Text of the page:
In Brisbane’s inner-west, on a hill looking over to the CBD, a house unlike any ever built in Australia is coming together.
The team at sustainability-focused Brisbane building firm Solaire Properties has set itself a sizeable task: apply a concept first used in the frigid Austrian winter to keep a Brisbane family cool through the sweltering summer months.
It’s the largest house of its type ever built in Australia, the first in Brisbane and, in a field usually associated with small windows and functionality over flair, the team is building a luxury home expected to sell for north of $3 million.
On Owen Lane in Auchenflower, Solaire Properties directors Harley Weston and James McElhenny are building a mammoth passive house, designed by award-winning architect Joe Adsett and adapted to meet stringent international design and building criteria.
Even though the execution has been and will be challenging, the concept itself is relatively simple.
Through a combination of hyper-effective insulation, smart design, an air-tight membrane and a high-tech ventilation system, passive houses promise energy savings of up to 90 per cent.
In essence, the houses are sealed completely to allow in and out only the correct amount of hot or cool air to maintain a consistent, ideal temperature, generally about 23 degrees.
This is done through everything from correctly orienting the house to using triple-glazed windows and to so-called thermal barriers that stop heat leaching in or out through concrete slabs and steel beams. In the winter, human bodies, appliances and heat recovery help keep the home warm and in the summer passive cooling techniques such as strategic shading are supposed to keep them cool.
Every element of the house matters and feeds into a complicated formula that is used to certify the home or other building before and after construction. In the case of the Vanquish project, the team opted for exposed concrete flooring instead of timber floorboards after seeing the massive difference it made to temperatures.
“It’s definitely a different way of looking – sort of rebuilding the building model, I guess, that we’re used to – at how to construct houses,” Mr McElhenny said.
“Not only in Queensland but Australia, which is why they’re … starting to become more frequent down in southern cooler states.”
The first passive house, or passivhaus, was built in 1991 by Austrian physicist Wolfgang Feist as a way to more efficiently heat homes. But the approach should work just as well to keep things cool in a baking Brisbane summer as a European winter.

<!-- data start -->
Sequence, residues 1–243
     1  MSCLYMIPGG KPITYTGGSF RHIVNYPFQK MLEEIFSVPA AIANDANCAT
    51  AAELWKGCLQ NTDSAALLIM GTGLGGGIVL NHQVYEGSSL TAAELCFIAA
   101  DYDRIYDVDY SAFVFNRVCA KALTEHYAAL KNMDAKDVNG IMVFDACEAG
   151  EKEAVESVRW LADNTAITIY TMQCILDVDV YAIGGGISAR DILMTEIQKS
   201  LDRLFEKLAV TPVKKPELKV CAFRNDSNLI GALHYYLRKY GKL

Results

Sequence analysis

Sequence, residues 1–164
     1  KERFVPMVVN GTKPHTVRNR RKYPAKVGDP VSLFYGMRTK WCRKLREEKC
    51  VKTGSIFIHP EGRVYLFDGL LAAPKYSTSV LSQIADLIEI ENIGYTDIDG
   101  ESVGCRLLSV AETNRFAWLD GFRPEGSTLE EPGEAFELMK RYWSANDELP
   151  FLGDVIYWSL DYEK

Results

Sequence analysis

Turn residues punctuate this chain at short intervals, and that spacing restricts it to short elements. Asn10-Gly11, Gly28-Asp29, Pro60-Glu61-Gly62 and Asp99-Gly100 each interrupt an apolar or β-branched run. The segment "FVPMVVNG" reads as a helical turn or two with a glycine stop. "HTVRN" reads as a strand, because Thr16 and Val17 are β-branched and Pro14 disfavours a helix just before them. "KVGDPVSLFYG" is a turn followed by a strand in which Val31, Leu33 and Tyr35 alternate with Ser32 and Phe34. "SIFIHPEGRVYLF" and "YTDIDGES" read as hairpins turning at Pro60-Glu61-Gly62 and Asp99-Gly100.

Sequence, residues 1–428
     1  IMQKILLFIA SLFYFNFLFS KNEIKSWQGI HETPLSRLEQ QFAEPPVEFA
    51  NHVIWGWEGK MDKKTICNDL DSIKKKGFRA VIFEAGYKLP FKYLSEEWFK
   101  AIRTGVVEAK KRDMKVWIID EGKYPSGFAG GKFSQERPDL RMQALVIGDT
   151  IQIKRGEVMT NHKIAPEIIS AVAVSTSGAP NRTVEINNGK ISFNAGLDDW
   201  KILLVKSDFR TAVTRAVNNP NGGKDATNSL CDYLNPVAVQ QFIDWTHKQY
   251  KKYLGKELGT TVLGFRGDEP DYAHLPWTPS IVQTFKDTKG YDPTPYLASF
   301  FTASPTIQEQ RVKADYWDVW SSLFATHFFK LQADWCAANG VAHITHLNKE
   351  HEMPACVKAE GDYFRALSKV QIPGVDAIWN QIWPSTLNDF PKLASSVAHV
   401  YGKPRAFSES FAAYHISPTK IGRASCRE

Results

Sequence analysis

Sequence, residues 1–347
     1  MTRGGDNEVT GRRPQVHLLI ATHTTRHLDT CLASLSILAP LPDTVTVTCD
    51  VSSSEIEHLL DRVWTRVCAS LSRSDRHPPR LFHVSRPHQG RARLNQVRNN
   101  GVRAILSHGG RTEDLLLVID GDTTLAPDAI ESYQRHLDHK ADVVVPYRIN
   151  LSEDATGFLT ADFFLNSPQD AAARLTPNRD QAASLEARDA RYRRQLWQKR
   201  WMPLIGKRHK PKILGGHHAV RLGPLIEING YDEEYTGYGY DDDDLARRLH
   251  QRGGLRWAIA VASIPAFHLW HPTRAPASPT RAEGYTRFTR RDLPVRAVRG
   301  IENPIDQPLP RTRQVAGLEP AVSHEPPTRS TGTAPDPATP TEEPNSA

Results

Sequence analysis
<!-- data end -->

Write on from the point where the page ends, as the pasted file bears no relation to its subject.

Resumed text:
The air temperature is controlled and filtered completely by what’s called heat recovery ventilation, a sort of airconditioner that pre-heats or pre-cools the outside air with the aid of air on its way out of the home.
Thousands of passive houses have been certified internationally but there are just 13 in Australia, mostly in and around Melbourne. Worldwide, only a few projects have been certified anywhere as warm as Brisbane.
The guys from Solaire, who already bring an efficiency-focused, sustainable approach to all their projects see the passive house concept as an obvious next step for the building industry as climate change makes already hot Australian summers even more so.
“This is probably a proof of concept for us and we’re also teaching ourselves,” Mr Weston said.
“We’re looking to position ourselves and you know, as far as I’m concerned, we will position ourselves, as industry leaders in sustainable residential development or just sustainable building as a whole.
“For us, the best way to do that was to build something ourselves, test it and then market test it.”
Vanquish is also different because of its flexibility. While it’s designed to be kept air-tight and temperature controlled, it will also be adapted to its hillside positioning with huge doors that can be opened up to catch a cross-breeze when the weather is right.
“Individually, every little detail in the whole house, every little connection detail [matters] which is just nothing like what I’ve ever had to rack my brain over or understand or model or anything like that,” Mr McElhenny said.
“It’s just so far above and beyond where Australia’s at the moment.”
With the addition of solar panels and batteries, the builders are also aiming for a net-zero energy usage, similar to two of their other projects nearby. On top of that, they plan to organise a system whereby the three homes can sell power back and forth to each other through the Control4 smart home platform that already allows the whole house to be controlled from a smartphone.
Shutters automatically roll down when the sun starts coming in at a certain angle, lights can be programmed to go on or off at certain times and you can monitor and control the whole house in real time.
The team is aiming to finish the project in early 2020, at which point Mr Weston hopes it can sell for $3 million to $3.5 million.
Ray White New Farm sales and marketing consultant Josh Brown said the market was demanding better energy efficiency in homes and the buyer would likely be someone who understood those benefits.
“Vanquish doesn’t present as a typical passive home. A lot of the passive house design sits below the surface and first impressions are that it is a stunning architectural home,” he said.
“The easy sell of a passive home is that it is a healthier, quieter, more private and cheaper style of living.
“The only hard part of the sell is familiarising people with what a passive house is and how it is built.”
Sourced from Domain, written by Jorge Branco - July 15, 2019